Critics, however, say otherwise. Karam Dana, a professor of Middle East politics and director of the American Muslim Research Institute at the University of Washington, Bothell, has said that the “United States is the epicenter of the world in terms of how white identity is seen.”
Former FBI agent Ali H. Soufan, founder of the security consultancy Soufan Group, predicted last year that Trump’s rhetoric would lead to violence. According to a CBS report, white supremacist violence in the U.S. is on the rise. The FBI has around 900 domestic terrorism cases, including those with links to white supremacists and such ideology.
Jim Accosta from CNN has rebuffed the president’s denials, saying in an interview with Anderson Cooper that the Christchurch killer used the same kind of language as Trump, “so, the White House can’t whitewash the white nationalism every time.”
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The drama continues to unfold after a recent FBI investigation uncovered the largest ever college admissions scheme. The scheme was orchestrated by William Singer, owner of college admissions companies Key Worldwide Foundation and Edge College & Career Network. Singer pled guilty to accepting bribes totaling $25 million, and he has claimed to have worked with over 750 families.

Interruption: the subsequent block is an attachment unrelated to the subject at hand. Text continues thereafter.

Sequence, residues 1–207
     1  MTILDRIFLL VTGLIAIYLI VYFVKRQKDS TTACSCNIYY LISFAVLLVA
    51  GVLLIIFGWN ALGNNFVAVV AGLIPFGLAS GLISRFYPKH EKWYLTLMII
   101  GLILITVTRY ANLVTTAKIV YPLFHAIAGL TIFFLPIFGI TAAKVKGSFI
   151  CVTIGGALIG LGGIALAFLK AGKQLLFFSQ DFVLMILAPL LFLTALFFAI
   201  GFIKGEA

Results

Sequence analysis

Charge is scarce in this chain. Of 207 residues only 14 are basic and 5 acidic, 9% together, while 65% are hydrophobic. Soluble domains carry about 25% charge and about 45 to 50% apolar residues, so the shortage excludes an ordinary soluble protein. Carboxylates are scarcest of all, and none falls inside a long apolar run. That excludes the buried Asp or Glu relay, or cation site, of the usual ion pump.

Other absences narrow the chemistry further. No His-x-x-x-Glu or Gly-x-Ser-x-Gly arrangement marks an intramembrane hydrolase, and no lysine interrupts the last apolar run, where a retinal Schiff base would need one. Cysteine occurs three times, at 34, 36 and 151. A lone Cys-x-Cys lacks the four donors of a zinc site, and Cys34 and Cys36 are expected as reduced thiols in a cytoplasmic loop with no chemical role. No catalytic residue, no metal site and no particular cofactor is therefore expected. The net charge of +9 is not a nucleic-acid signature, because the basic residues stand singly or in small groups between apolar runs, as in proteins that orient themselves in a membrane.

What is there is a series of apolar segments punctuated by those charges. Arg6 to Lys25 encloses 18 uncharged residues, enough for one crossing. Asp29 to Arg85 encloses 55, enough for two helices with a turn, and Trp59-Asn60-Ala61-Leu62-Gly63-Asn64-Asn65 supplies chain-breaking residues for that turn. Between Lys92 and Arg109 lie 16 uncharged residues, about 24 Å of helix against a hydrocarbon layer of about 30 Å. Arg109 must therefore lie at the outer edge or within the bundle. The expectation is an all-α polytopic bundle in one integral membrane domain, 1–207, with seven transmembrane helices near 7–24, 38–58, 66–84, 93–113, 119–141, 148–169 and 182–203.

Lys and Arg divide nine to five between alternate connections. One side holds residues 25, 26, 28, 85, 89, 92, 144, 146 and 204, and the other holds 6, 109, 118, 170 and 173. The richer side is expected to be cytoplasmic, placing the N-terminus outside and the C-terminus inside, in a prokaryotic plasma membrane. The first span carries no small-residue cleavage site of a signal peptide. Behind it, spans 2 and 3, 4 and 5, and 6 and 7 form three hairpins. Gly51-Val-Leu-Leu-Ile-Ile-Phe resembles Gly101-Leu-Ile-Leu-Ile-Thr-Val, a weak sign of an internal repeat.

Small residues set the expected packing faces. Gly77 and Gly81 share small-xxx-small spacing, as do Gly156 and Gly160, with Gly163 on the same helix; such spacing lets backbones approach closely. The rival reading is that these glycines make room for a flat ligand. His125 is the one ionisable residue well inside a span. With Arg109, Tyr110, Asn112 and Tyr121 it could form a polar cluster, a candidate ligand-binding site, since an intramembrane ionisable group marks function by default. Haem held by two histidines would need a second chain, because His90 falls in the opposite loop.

Two of Singer’s most famous clients are Lori Loughlin and Felicity Huffman. They allegedly paid Singer to engineer their children’s admission into top universities. Singer had associates take admissions tests for students, ensuring perfect scores. He also got the students labeled disabled in some way or faked athletic credentials to bribe coaches. These bribes were often disguised as charitable donations.
Enter the lawsuit. Jennifer Kay Toy alleges that Loughlin and Huffman’s actions prevented her child from getting into a top school. The $500 billion lawsuit seems fairly ridiculous, but it is a sign of things to come. “I’m now outraged and hurt because I feel that my son, my only child, was denied access to a college, not because he failed to work and study hard enough, but because wealthy individuals felt it was OK to lie, cheat, steal and bribe their children’s way into a good college,” Toy claimed.
Students have also sued universities. The Hallmark channel dropped Loughlin from their lineup, though she had worked with the network since 2010.